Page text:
Will Benson farms at Town Head Farm, which is owned by the National Trust. He has Herdwick sheep and Limousin x cows.

Town Head has around thirty acres of meadow land, as well as intakes separated from the fell by stone walls, and grazing rights on common land stretching from the base of Helm Crag to the south side of Steel Fell, north of Grasmere.

Will’s family has been farming in Cumbria since the 1700s.

“A red pop on the left hand side of the shoulder, that’s the smit mark of this farm. And the ear mark is an under half out of the left ear. These sheep know where their home is. Fell sheep pass the knowledge down from mother to daughter. They’re good sheep, quite hardy. The only time they’re wintered off is as a hogg, which is in the first winter. The second winter, they spend at the fell and I don’t breed from them. They just learn to live on the heft, and grow; they are a slow maturing sheep. They’ll have a lamb in their third year.

I try to farm as traditionally as possible, and maintain the land and my business as sustainably as possible. From a World Heritage point of view, farming has moulded what the Lake District is today. You’ll see everywhere there are sheep folds, barns, walls, farming systems. You’ve got a mosaic of different herbs, flowers, and if the land weren’t grazed by sheep it would just be scrub or woodland and those rare plants would get smothered out. The walls have been put up hundreds of years ago by farmers over generations, over a lot of hours. I have hundreds of metres of walls. It’s a massive part of farming a fell farm, maintaining your boundaries, your intakes and your inbye land.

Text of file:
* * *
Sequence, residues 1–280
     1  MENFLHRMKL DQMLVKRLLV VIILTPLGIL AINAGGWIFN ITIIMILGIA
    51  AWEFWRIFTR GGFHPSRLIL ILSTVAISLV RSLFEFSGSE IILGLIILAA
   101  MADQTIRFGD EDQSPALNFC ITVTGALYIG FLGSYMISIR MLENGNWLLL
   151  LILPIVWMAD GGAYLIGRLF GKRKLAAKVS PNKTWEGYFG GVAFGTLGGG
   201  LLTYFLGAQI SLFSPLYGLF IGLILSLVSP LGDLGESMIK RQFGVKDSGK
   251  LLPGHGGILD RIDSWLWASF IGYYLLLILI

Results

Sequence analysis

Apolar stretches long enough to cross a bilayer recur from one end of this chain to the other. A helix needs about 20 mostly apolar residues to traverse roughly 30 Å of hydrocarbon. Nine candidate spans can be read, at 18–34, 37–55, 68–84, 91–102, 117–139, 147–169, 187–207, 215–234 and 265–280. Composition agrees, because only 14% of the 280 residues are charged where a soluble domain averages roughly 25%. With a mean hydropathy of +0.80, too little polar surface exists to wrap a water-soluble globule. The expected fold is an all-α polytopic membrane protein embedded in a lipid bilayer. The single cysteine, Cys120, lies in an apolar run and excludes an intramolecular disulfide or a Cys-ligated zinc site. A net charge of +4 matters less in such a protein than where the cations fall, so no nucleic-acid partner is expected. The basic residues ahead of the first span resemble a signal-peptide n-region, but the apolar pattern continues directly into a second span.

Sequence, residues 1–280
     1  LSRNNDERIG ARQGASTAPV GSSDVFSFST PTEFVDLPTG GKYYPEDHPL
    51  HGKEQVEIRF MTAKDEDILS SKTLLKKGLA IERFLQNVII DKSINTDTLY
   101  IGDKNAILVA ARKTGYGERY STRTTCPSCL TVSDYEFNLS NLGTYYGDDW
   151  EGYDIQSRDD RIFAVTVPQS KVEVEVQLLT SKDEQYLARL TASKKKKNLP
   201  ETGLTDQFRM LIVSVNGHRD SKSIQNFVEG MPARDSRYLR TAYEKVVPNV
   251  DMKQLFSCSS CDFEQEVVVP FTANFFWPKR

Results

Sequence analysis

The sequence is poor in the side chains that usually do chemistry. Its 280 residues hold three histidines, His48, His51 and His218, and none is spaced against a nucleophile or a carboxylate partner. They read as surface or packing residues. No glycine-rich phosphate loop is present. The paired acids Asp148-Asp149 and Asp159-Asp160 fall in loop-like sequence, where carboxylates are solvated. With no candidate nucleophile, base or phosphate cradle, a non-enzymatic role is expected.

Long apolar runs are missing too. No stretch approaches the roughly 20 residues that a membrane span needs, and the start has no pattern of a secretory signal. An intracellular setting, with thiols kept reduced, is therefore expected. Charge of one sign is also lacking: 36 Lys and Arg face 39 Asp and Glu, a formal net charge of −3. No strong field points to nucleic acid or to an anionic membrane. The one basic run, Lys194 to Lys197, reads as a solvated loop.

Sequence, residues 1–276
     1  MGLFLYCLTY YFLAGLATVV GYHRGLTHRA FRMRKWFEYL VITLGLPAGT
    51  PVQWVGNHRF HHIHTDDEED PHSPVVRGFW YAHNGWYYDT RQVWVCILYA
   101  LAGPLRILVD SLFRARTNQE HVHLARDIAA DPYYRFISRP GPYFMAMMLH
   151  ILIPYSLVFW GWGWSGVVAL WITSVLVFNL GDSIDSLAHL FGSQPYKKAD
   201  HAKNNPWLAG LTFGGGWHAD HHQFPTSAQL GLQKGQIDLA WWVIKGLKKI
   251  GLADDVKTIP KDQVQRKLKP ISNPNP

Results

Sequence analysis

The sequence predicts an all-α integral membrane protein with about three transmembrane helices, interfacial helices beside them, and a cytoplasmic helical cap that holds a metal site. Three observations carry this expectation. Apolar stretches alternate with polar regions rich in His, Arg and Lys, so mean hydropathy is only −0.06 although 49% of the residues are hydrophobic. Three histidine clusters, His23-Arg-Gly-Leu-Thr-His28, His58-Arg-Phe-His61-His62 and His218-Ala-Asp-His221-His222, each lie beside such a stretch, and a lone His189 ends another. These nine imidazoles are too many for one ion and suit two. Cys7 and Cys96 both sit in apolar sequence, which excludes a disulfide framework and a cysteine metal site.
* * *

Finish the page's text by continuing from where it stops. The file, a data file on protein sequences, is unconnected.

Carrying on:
I’ve always, always wanted to be a farmer.

I’m never going to be a millionaire that’s for sure, living and working here – but I can say for myself, my wife, my children, we’re very happy to be here. Wild horses couldn’t drag me off to do anything else.”

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Will Benson farms at Town Head Farm, which is owned by the National Trust. He has Herdwick sheep and Limousin x cows.